Bariatric surgery or a Weight Loss surgery is collectively performed with many other weight loss procedures and making changes to the digestive system that aims to lose weight.
Bariatric surgery is the last resort of weight loss when all the diet and the exercises fail to achieve in losing weight or people who have health issues in losing weight. Bariatric surgery is an approach to find many benefits, at the same time all forms of weight-loss surgery possess potential risks and complications.
Key Benefits of Bariatric Surgery
Bariatric surgery is done to lose excess weight and aims in reducing the potential complications even minimizing the risks of life-threatening weight-related diseases such as heart disease, stroke, high blood pressure, type 2 diabetes, sleep apnea, and Nonalcoholic fatty liver disease (NAFLD) or nonalcoholic steatohepatitis (NASH).
However, bariatric surgery is only considered after natural weight loss remedies such as diet and exercise fail to achieve desirable results.
Best Candidates for Bariatric Surgery
Bariatric Surgery is performed for those individuals who have body mass index (BMI) of more than 40 or higher. If you are obese (BMI is 35 to 39.9), and you have serious health issues such as heart-related ailments, high blood pressure, or sleep apnea, then you may qualify for bariatric surgery. In some cases, even if your BMI is 30 to 34, on certain conditions, you may qualify for weight-loss surgery.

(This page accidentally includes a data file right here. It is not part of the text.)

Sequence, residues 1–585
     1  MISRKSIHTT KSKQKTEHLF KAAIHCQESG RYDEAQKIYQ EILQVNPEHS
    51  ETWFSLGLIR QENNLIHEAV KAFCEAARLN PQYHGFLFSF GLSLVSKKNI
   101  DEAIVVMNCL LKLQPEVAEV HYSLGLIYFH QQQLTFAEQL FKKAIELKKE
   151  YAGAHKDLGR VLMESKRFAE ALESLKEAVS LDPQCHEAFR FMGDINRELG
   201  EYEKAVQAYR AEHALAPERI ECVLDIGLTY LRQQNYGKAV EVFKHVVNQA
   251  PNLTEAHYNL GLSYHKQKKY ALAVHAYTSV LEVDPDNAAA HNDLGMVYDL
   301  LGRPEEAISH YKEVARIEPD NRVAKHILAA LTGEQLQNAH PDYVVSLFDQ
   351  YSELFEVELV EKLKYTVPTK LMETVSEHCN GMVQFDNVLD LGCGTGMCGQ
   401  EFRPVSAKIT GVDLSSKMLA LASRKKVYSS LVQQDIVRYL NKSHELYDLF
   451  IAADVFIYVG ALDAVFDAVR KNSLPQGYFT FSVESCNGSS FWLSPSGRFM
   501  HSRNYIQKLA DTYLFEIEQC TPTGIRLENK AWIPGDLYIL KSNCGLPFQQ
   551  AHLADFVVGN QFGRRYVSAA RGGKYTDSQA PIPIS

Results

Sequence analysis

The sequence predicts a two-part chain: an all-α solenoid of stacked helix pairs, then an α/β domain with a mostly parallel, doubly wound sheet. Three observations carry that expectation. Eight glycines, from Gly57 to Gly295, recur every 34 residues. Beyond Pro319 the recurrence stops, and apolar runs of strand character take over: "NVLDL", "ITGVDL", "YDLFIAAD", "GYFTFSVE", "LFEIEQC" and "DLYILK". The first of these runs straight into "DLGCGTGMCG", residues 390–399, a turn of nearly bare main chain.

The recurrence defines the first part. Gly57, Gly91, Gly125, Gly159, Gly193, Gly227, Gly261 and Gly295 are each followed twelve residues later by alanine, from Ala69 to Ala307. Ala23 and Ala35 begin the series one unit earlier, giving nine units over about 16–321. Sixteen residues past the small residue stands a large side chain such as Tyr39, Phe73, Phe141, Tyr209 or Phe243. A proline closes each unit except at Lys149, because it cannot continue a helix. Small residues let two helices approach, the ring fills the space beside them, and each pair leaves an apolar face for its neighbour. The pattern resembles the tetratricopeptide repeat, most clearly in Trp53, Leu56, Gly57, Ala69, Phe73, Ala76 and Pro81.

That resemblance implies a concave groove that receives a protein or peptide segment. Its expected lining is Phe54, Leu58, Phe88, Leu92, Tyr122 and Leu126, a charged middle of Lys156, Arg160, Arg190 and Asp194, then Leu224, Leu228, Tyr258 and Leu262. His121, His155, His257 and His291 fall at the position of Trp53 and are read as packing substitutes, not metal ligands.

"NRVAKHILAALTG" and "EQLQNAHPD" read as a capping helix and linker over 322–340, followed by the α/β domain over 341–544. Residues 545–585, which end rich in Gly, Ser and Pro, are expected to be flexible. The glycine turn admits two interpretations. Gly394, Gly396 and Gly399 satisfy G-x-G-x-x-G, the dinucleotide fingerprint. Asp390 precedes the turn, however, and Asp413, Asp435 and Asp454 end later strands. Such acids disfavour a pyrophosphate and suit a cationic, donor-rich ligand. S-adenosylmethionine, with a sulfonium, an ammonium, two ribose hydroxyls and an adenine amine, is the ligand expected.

Preparing for Liposuction Procedure
Before initiating the liposuction procedure, your plastic surgeon doctor will discuss with you about your expectations and provide you with a detail explanation. Your doctor would review the past medical history. Certain tests are recommended by your plastic surgeon doctor to ensure if the body is ideally fit for the procedure. The doctor advises you to stop certain medications like painkillers and aspirins for a few days before the surgery. Also, smoking and alcohol consumption must be avoided as it may impair the healing process post-surgery.
Preparing for the Bariatric Surgery
Consulting with the right doctor is always better for you to get the best advice and appropriate treatment options for bariatric surgery. You may have to undergo diagnose, certain lab tests, and examinations before the surgery. Your doctor will recommend you to restrict some eating habits, drinking, and certain medications. You may also advise to stop physical activities, exercises, and also avoid consumption of any form of tobacco.
Bariatric Surgery Procedure
Most of the weight loss surgeries are performed using minimally invasive methods with general anesthesia. However, the right technique is delivered based on the individual condition and diagnosing.